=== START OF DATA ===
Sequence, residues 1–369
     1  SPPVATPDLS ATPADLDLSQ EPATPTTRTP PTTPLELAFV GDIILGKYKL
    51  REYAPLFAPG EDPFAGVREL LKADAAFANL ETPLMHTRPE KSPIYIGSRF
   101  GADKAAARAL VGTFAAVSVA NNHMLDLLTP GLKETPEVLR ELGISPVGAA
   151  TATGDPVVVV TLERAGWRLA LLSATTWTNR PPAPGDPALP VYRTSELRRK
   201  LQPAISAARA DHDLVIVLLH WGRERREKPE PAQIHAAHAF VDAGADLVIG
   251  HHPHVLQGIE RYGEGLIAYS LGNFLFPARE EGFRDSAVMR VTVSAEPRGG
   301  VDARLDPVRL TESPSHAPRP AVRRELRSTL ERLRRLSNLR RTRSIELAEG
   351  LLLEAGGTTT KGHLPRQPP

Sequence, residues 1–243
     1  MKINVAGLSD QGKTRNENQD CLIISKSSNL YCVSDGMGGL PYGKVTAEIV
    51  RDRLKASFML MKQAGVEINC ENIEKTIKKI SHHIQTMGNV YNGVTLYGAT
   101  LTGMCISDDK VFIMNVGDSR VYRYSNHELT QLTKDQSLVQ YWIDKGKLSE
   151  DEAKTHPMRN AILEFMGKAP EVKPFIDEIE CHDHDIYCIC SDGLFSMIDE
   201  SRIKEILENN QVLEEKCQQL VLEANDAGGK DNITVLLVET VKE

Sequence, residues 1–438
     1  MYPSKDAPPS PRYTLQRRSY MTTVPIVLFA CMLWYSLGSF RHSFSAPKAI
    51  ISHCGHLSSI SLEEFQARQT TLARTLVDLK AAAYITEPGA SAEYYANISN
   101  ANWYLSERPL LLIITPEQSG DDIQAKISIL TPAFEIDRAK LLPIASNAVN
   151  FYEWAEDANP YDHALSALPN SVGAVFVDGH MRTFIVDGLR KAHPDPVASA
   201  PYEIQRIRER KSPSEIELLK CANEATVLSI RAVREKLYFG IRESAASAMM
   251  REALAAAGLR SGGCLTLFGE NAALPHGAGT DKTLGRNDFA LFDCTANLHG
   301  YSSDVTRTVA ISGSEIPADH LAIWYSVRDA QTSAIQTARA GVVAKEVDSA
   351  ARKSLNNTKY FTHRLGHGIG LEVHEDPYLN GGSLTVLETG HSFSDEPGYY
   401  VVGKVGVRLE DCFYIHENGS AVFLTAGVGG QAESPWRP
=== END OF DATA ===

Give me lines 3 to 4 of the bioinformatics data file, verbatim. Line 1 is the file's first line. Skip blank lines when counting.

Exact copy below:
    51  REYAPLFAPG EDPFAGVREL LKADAAFANL ETPLMHTRPE KSPIYIGSRF
   101  GADKAAARAL VGTFAAVSVA NNHMLDLLTP GLKETPEVLR ELGISPVGAA